Microsoft updates Listas

Listas, a tool for the creation, management and sharing of lists, notes, favourites, and similar services previously unveiled by Microsoft Live Labs, has been updated with new features and improved designs. New community lists like popular tags, recently created lists, and top users are all now available both in Listas and through RSS, in addition to the ability of adding, editing and sharing lists with others for reading or wiki-style editing. Task lists have also been added. Improvements to printing support, history and version management, and many other additions and refinements round out the update. A Live ID is required for membership.

Link: Listas Technology Preview

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12 Comments

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Uh...

So you make documents with lists with this? But the existing online office tools can already do that, along with sharing them with others (+ editing), and also so much more? They are also very easy and straightforward to use too, so that's not even an argument for this either.

And this... Just... Lists? Lists of text... And notes? It suddenly feels like the Web 2.0 concept has just been announced.

It's fine that MS wants to innovate, but having every little service, bell, and whistle under different names and slappiing the cumbersome Windows Live tag on it is not practical. Who really cares (non-geek crowd) to keep up with it all and take the time to learn about it? Why not just include new functionality with current popular services and tie them in as updates?

For example, Listas and Events could just be part of Hotmail under the New button. I certainly would notice the option and try it out instead of interupting my routine to see what new gadgets Microsoft has concocted. This is the cluttered cabinet scenerio - you have dozens of pots, pans, and whatever in your cabinets, most unused, and you only really use the essentials.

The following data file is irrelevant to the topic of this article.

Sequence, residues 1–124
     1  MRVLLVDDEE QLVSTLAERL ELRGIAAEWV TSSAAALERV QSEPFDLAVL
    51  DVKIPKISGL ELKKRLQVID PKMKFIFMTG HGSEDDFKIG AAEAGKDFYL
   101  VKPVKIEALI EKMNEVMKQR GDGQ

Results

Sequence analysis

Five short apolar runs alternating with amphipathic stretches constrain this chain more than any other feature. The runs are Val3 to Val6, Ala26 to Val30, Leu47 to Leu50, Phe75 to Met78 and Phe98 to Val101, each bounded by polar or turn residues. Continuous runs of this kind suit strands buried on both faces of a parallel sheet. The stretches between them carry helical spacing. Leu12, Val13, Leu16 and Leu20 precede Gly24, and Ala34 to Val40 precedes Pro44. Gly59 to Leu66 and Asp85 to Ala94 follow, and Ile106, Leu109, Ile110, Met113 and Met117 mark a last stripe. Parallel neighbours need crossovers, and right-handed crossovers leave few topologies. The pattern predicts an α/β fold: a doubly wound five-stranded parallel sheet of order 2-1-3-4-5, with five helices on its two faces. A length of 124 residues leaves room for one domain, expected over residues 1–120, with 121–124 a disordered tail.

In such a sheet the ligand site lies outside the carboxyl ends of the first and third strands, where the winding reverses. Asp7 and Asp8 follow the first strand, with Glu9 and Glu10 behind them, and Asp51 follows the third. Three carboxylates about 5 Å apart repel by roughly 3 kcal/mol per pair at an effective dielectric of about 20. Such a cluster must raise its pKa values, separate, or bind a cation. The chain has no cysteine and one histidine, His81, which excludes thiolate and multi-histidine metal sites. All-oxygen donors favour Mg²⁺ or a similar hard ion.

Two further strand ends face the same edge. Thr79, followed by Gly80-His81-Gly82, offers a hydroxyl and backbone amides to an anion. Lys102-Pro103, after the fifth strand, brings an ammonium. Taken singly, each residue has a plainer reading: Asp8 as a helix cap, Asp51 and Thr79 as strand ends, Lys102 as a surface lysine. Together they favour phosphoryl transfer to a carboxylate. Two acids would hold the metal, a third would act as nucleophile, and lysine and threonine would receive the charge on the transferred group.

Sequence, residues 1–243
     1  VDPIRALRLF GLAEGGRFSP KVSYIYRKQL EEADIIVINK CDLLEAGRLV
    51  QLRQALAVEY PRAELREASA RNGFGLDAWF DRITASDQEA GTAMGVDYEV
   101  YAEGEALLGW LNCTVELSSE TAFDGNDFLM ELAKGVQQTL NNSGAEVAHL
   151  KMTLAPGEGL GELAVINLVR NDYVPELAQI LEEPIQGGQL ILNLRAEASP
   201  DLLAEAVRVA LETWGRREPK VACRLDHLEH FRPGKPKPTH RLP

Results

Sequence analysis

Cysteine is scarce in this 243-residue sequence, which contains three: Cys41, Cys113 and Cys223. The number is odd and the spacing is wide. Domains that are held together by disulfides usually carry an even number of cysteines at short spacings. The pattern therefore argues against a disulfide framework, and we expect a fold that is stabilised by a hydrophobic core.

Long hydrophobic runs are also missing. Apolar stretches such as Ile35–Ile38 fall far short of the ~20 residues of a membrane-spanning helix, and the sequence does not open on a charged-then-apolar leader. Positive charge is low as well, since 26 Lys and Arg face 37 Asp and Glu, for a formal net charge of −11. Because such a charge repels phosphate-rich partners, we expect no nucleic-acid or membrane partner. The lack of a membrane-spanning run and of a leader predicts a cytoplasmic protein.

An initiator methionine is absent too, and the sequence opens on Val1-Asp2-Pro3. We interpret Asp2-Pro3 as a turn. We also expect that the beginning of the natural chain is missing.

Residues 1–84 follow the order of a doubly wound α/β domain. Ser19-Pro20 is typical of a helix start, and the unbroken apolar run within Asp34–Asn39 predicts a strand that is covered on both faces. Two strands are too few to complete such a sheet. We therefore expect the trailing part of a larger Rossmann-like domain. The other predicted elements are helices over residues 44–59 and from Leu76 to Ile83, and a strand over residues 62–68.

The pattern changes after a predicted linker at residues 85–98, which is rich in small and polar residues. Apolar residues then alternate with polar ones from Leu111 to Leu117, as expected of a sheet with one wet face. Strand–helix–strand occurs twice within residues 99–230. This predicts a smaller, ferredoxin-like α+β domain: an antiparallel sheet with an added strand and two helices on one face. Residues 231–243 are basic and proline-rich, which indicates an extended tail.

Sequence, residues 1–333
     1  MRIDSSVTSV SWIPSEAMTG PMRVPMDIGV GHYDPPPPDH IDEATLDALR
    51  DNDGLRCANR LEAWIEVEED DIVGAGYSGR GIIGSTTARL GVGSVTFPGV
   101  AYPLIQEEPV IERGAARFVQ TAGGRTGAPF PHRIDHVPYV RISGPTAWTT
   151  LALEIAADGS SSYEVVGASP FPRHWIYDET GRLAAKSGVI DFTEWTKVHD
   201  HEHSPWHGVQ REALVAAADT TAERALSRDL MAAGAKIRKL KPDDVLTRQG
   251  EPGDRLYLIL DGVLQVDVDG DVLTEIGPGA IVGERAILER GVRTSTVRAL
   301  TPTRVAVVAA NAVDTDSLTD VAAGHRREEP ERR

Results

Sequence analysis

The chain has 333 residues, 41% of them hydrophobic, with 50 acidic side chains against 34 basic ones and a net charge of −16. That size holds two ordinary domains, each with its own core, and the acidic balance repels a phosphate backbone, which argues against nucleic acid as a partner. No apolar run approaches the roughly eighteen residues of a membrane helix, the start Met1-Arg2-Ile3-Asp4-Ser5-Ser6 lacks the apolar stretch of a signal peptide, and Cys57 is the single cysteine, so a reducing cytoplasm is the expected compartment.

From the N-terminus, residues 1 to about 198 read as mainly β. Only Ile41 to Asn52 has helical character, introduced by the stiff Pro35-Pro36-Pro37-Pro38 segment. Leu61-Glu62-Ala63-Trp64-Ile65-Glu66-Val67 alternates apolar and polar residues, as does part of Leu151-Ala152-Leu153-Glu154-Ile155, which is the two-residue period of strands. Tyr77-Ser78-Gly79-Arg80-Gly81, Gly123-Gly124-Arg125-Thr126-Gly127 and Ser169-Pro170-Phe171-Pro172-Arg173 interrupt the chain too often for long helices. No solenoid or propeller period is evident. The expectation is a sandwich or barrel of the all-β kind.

If I were running Windows Live, then Hotmail, Events, Calendar, Spaces, SkyDrive, Alerts, and Listas would fold into the Messenger service to create a stronger, more robust all-in-one communications service.

I disagree. If the software/services were combined, you wouldn't have a choice of what software/services you subscribed to. It would be bloated software/service.
Take the example of a new computer from an OEM: They load it up with a lot of never used "productivity" software and what do you do with it all? You uninstall it or blow the everything away and only to install what you choose to use.

I prefer their approach. Give people choices on what services they want to subscribe to, but at the same time make each operate seamlessly with the others. Isn't that what most people complain about? No choice?

OnyxAlien said,
I disagree. If the software/services were combined, you wouldn't have a choice of what software/services you subscribed to. It would be bloated software/service.
Take the example of a new computer from an OEM: They load it up with a lot of never used "productivity" software and what do you do with it all? You uninstall it or blow the everything away and only to install what you choose to use.

I prefer their approach. Give people choices on what services they want to subscribe to, but at the same time make each operate seamlessly with the others. Isn't that what most people complain about? No choice?

I see your point, but in this situation where you have little services that do not merit their own software/web site, then it's still practical to include them all as one entity.

warwagon said,
Out of all the dumb names. Lets take vista and just replace the V with an L. Sweet now it just looks like a typo

is not a dumb name... in spanish it means "lists". Im guessing in other languages it means the same.

warwagon said,
Out of all the dumb names. Lets take vista and just replace the V with an L. Sweet now it just looks like a typo

It's still in the lab. It's just a code name.